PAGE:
We have grown up hearing the term “Ram Rajya” (Sri Rama’s rule”) which is always used as a synonym for ideal governance as well. Theoretically, Ram Rajya has been detailed in the Valmiki Ramayana throughout the conversation that takes place between Sri Rama and his younger brother Prince Bharat, who comes to convince the exiled Sri Rama to return to Ayodhya and take his rightful position of its King.

Goswami Tulsidas Ji’s beautifully poetic description of the same in Ramcharitmanas is also very enlightening.

On the other hand, we have “Krishna Rajya”, a concept we have never heard of even though Sri Krishna is widely worshipped and sung about all over the world as the perfect son, brother, lover, husband, father and householder.

Do watch an enligtening talk on this Book on Sangam Talks:

We have almost never paid attention to the fact that, he was much more than that. To put it in the words of eminent scholar P. Banerjee:

“As a warrior, Krishna was without a rival.

As a statesman, the most shrewd.

As a Social thinker, very liberal.

As a Teacher, the most eloquent.

As a Friend, never failing.

And, as a householder, the most ideal.”

To begin with, let’s get to the reason why Parafull Goradia Ji in his book “Krishna Rajya” : An Alternate System Of Government for Modern India” refers to Sri Krishna as a ‘ruler’ by coining the term “Krishna Rajya”.

It is a well-known fact that Sri Krishna is also called Dwarakadheesh as he was the ruler of a city called Dwaraka (in current day Gujarat), mentioned in the works of Sanskrit Grammarian Panini as well as in the earliest epigraphical evidence of it mentioned in the Palitana Copperplate grants of Samanta Simhaditya.

This Dwaraka city submerged in water upon Sri Krishna’s exit from this earth is mentioned in the Mahabharata and Vishnu Purana which has been archaeologically proven via Shri S.R. Rao’s archaeological excavations off the Bay of Kutch in Bet Dwaraka where a once prosperous ancient city’s remains were found intact which dates back to the era of Mahabharata.

Coming to Prafull Goradia Ji’s description of Sri Krishna as a ‘Colossus’ (a person of enormous importance and/or ability) is based on sound logic, since as a General Sri Krishna fought 18 battles, out of which 17 were against Jarasandha (Emperor of Magadh) and one to annihilate Kalyavan, a Greek invader.

And all this was done by the time he was just 25! Sri Krishna therefore was a genius strategic thinker who knew when to attack before the enemy does so, when to defend and above all when to retreat without second thoughts (Rannchhod).

In the Vedas, Dharma comes from the root word Dhr which means “that which holds together” and adharma is its opposite. Dharma is to be maintained at all times to uphold Rta (Rigveda mentions it as ‘natural order/cosmic order/eternal truth’).

Sri Krishna was viraat in his outlook as he always had Dharma and the welfare of entire Bharata in his mind and actions ultimately resulting in the establishment of the ethical Pandavas on the throne of the virtual centre of Bharatvarsha which was Hastinapur.

Apart from the deep insights on the ever relevant governance mechanisms of Sri Krishna, Prafull ji also makes a few very important arguments in order to base his proposition on valid grounds which is “Krishna Rajya”, in theory as well as practice.

Firstly, he urges us to consider the characteristics which are specific to Indians and given their genius they need a system that is not a copy or adaptation of the West since we are in total contrast to the Abrahamic foundations of civilization and beliefs which maintain that it is a “White Man’s burden” to civilize the infidels and pagans who do not pay allegiance to the one God.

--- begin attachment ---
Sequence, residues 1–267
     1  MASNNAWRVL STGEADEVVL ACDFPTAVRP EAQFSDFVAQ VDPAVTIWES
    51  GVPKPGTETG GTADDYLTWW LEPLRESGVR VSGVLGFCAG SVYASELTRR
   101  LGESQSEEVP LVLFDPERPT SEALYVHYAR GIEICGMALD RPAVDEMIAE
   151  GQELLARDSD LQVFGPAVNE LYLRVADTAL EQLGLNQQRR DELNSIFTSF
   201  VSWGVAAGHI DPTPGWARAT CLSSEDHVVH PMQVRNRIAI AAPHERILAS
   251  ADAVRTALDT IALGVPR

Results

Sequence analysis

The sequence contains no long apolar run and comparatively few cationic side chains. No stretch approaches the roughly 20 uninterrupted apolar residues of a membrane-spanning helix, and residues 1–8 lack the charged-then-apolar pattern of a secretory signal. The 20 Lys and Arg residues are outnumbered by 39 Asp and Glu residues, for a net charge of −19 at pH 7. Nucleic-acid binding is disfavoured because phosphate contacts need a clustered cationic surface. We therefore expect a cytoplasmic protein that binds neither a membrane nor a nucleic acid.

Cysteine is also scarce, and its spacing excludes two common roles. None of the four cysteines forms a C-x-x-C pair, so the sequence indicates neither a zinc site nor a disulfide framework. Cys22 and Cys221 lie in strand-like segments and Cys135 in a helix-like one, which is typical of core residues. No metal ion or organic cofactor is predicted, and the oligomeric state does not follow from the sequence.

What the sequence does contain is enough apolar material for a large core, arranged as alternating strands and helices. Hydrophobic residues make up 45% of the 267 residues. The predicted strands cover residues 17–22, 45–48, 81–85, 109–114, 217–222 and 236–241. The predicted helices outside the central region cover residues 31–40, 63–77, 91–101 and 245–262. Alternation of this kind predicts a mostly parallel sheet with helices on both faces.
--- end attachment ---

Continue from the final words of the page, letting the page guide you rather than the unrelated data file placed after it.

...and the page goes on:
We believe in Karma and how it leads to our bhagya or abhagya and we look to actuate ourselves rather than dominate others.

We prefer a minimal government that does not curtail our space yet we exhort the strict enforcement of law when needed.

Among others, we prefer interpersonal loyalty instead of Institutional loyalty.

Last but not the least, we are not naturally inclined towards rebelling and revolting without a great cause.

Secondly, he points out the dire need for Indian polity to be governed by an Indian system rather than by a structure built upon imported bricks which is the Indian Constitution enacted by Congress in 1950 that has only suffocated and distorted the political potential of our country.  

The book also beautifully puts into perspective the dilemmas of Arjuna on the battlefield and Krishna’s answers and transcendental knowledge in simple and practical words.

A few gems on the same from the book:

i) A capable individual who resorts, for any compulsion whatsoever to shirk his duty would do an incalculable harm, not only to his own interests but also to dharma in the world and unwittingly becoming the cause of furtherance of the very evil he sought to end.

Does this remind us of a certain “Silent PM” who was perennially tongue-tied and hands tied due to supposed Coaltion-Dharma?

ii) Any action taken into defence of human values and indeed human civilizations itself, falls into the category of non-violence.

iii) Nishkama Karma which is action without desire for the fruits of it leaves the soul unstained.

The book moves on detailing Bismarck, Plato, Ram Rajya concepts and theories and the book ends on a wonderful note where a conclusive chapter outlines the governance system based on Krishna Rajya which will be ‘By Indians, For Indians’.

A must read book and a must read watch on Sangam Talks for every Indian. #SangamTalks

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